parrots squabbling among the honey-laden 
flowers of a gum tree. "If I had a gun." he 
said. "I'd potshot a fribble o' them gaJahs 
(Hie for each and all of us." 

"Look!" hissed Lash, pointing towards a 
streak of dry. yellow grass beside a parched 
billabong. 

They glimpsed the alert, grey-fealhcrcd 
head of a plain-turkey above the top of the 
grass. Lash swung Monarch off the road and 
made for the billabong. 

The plain-turkey broke cover and ran 
swiftly across the mud flat towards a dense 
clump of waitawhile bushes. Its tiny, useless 
wings flapped furiously in a vain attempt to 
fly as Monarch went racing in pursuit. 

The roughrider felt for the handle of his 
whip and jerked the coiled rawhide free. 

Swish! went the darting lash. It struck the 
outstretched neck and coiled itself round the 
grey feathers. Lash flicked back his wrist - 
and the plump plain-turkey lay dead, ready 
for plucking and cooking. 

"She loves me! She loves me not!" 
exclaimed Rawhide a few minutes later as he 
sat on a log, pulling out the feathers by the 
handful and tossing them into the air. 




M 



Lash lit a lire of mulga and 
L sandalwood, and then showed Squib how 
3 dig for yams with a sharp stick. By i he time 
they had dug up six of the potato-like tubers. 
Rawhide had the turkey plucked and cleaned. 
He went over to a patch of wet clay on the 
edge of the billabong and, scooping it up by 
the handful, smeared it thickly over the 

"Help me make a bushman's oven, kid," 
Lash invited the boy. 

He and Squib soon made a hole in the 
eanhabout three feet deep. Rawhide came back 
with the bird completely covered with day. 

While the curious boy stood and watched 
the strange sight, the two men shovelled big 
embers from the fire into the bottom of the 
hole. In went the turkey. Then came more 
embers. Finally the earth was pushed back 

"Where are the yams?" asked Squib. 

"Inside the beautiful bird." replied Raw- 
hide, rolling his eyes and licking his lips. 
"And when that tasty turkey is ready for our 
gullets, so will those yams be cooked as well. 
Oh, the thought of it makes me mouth water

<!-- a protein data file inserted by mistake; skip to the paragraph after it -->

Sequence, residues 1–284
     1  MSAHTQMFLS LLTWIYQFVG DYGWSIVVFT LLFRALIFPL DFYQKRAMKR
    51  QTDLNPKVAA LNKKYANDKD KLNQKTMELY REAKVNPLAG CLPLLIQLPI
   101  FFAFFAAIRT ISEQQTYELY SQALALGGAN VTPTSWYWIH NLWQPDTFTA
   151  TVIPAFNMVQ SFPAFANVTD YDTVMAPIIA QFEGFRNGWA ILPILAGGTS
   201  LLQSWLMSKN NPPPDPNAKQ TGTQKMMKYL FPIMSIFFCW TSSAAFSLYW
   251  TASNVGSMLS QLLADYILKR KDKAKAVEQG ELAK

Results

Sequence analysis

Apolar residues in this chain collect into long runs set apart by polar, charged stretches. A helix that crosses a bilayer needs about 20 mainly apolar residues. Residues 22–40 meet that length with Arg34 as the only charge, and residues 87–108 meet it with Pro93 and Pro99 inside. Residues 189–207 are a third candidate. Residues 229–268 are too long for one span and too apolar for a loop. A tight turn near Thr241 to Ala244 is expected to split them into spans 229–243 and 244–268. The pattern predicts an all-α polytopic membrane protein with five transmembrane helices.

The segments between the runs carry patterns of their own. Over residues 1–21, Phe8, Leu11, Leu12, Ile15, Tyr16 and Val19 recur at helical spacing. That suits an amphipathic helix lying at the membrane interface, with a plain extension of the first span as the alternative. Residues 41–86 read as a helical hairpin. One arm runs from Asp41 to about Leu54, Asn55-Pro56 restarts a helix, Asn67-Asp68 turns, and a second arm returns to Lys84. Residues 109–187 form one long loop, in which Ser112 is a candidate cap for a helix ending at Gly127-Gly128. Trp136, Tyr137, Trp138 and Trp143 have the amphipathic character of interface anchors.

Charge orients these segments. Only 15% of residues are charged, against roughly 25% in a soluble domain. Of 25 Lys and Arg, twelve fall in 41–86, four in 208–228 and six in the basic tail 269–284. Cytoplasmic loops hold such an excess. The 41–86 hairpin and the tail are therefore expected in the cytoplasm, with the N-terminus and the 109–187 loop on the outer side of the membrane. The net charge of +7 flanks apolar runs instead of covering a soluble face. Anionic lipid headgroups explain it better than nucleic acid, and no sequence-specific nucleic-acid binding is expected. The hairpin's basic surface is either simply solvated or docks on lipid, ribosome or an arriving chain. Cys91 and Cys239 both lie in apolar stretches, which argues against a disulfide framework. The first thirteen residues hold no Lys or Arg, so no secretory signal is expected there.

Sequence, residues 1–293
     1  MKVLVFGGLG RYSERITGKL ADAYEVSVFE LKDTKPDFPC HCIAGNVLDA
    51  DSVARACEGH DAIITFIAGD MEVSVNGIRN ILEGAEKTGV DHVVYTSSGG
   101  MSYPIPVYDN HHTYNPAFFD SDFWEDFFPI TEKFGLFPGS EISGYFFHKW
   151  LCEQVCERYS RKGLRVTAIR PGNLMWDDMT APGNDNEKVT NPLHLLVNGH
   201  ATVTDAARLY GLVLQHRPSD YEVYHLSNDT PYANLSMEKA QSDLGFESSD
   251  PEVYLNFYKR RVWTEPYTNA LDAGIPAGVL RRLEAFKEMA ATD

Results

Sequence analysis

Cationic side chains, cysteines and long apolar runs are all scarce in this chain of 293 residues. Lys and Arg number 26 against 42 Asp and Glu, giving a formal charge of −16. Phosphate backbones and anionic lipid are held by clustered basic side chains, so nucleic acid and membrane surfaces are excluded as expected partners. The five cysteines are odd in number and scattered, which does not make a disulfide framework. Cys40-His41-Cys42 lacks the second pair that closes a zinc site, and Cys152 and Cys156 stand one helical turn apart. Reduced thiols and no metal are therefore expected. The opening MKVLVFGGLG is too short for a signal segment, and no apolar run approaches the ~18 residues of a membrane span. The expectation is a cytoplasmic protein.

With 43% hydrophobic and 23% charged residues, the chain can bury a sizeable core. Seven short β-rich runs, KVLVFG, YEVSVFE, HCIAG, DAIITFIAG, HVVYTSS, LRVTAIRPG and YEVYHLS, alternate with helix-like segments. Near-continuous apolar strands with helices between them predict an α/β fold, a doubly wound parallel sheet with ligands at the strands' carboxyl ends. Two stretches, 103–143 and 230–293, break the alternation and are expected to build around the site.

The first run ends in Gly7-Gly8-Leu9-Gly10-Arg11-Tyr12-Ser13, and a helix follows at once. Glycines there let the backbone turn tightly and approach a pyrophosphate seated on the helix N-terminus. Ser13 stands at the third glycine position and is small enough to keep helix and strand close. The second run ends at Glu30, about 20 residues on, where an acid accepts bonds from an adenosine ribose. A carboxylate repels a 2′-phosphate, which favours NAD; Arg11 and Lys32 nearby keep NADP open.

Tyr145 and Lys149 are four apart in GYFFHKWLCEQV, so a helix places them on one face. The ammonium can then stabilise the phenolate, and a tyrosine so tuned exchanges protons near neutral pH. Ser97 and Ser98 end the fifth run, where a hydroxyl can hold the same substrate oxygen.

like the Niagara Falls." 

"Well," began Lash, '"we've got about an 
hour to wait, so — " 

"Listen!" interrupted Squib, whose keen 



Rawhide 



Ban naO caugnr ihe strange drumn 

Lash cocked an inquiring ear 
lerked up tils head and listened i 
was Ihe booming, throbbing sound of swifl 
foci on hard earth. 

"It's Dago and his push"' exclaimed The 
hoy. "They're after mV 

"HetV ihey come," remarked Rawhide, 
winking ai Lash. "And (hey all seem to be 
wearm' fancy cmiunits." 

Ai Ihat moment the runners came into view- 
on the other side of ihe billabong, and then 
Squib realised Rawhide had been joking 

"Emus!" he exclaimed as a uore of the 
great birds thudded across the mud flat. Wilh 
necks outs i retched and hrown feathen, 
streaming. Ihey raced as fas! as ponies. 
ignoianl of the men's presence. they boiled 
madly into the hush again. 

'■Dingoes'"* cried Squib at ihe sight of ibe 
two wild dog* thai followed in swift pursuit. 
Like iwo creatures of a nightmare. Ihe wild 
dogs, iheir huge jaws open to show savage 
teeth, raced across ihe flai and disappeared 
among ihe trees. 

"They'll never calch those emus," said Lash 
to Squib. "Unless they run any or I hem into 
a netting fence which is one of Iheir tricks 
when ihey get the birds in a corner. They 
just run full till into the fence and break their 



reel ready 

Al last ihe bird was ready. They scraped 
away the earth, then the almost-dead embers, 
to reveal a turkey-shaped mass of baked clay. 

Holding'tbc turkey by the charred feet. 
lash lapped ai the clay with his big knife. It 
flaked off. to reveal the beautifully cooked 
flesh The delicious smell made their mouths 
water I ii nous I > 

Lash broke otf a leg and handed il 10 the 
boy. Squib grabbed il greedily and sank his 
leeth into the succulent flesh 

Between the three of them they finished ihe 
whole turkey. Squib and Rawhide, gorged 
and somnolent, lay back in the shade with the 
imeniion of drowsing and digesting 



'There's a westerly wind rising." said Lash. 
pomiing towards the horizon '" And do "you 
seethecolout or the sky over there'' I reckon 
we're in for a dust storm C6me on, cobbers, 
we're on the road again." 

As they rode south towards Varrawarra, 
Ihe wind was hot and dry on their faces, 
parching [heir lips 

Then came the dust . soft and powdery 
at frrsl . , drifting into their eyes and noses 
and throats 

Like a dark mist. Kit dost storm came 
slowly down the wind, turning the slanting 
sun to I golden yellow ball 

The horses snuffled and snorted The men 
coughed and spat, trying to gei rid of ihe 
gritty taste. 

"Ugh, me throat's as dry as a sunstruck 
bone," croaked Rawhide 

"I could spit chips." gasped Squib. 

Lash muttered "We'll just have to get used